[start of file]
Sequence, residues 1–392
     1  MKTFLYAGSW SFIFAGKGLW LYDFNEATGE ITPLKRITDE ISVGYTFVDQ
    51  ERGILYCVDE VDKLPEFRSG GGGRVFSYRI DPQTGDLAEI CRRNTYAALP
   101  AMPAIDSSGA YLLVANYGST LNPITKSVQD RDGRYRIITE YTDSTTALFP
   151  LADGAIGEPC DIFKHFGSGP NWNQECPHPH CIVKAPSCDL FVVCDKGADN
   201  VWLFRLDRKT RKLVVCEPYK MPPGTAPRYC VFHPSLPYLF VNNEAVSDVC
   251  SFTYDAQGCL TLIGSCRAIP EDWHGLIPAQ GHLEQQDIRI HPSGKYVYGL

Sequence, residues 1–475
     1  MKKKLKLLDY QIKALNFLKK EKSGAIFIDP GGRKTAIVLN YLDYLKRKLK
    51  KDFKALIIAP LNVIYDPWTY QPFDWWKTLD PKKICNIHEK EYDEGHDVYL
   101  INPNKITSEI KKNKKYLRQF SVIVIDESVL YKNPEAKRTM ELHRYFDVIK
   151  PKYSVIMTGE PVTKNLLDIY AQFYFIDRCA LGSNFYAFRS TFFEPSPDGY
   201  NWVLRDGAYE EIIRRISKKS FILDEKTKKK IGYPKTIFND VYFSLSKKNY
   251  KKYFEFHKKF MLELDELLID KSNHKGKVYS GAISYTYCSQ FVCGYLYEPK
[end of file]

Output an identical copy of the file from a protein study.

Sequence, residues 1–392
     1  MKTFLYAGSW SFIFAGKGLW LYDFNEATGE ITPLKRITDE ISVGYTFVDQ
    51  ERGILYCVDE VDKLPEFRSG GGGRVFSYRI DPQTGDLAEI CRRNTYAALP
   101  AMPAIDSSGA YLLVANYGST LNPITKSVQD RDGRYRIITE YTDSTTALFP
   151  LADGAIGEPC DIFKHFGSGP NWNQECPHPH CIVKAPSCDL FVVCDKGADN
   201  VWLFRLDRKT RKLVVCEPYK MPPGTAPRYC VFHPSLPYLF VNNEAVSDVC
   251  SFTYDAQGCL TLIGSCRAIP EDWHGLIPAQ GHLEQQDIRI HPSGKYVYGL

Sequence, residues 1–475
     1  MKKKLKLLDY QIKALNFLKK EKSGAIFIDP GGRKTAIVLN YLDYLKRKLK
    51  KDFKALIIAP LNVIYDPWTY QPFDWWKTLD PKKICNIHEK EYDEGHDVYL
   101  INPNKITSEI KKNKKYLRQF SVIVIDESVL YKNPEAKRTM ELHRYFDVIK
   151  PKYSVIMTGE PVTKNLLDIY AQFYFIDRCA LGSNFYAFRS TFFEPSPDGY
   201  NWVLRDGAYE EIIRRISKKS FILDEKTKKK IGYPKTIFND VYFSLSKKNY
   251  KKYFEFHKKF MLELDELLID KSNHKGKVYS GAISYTYCSQ FVCGYLYEPK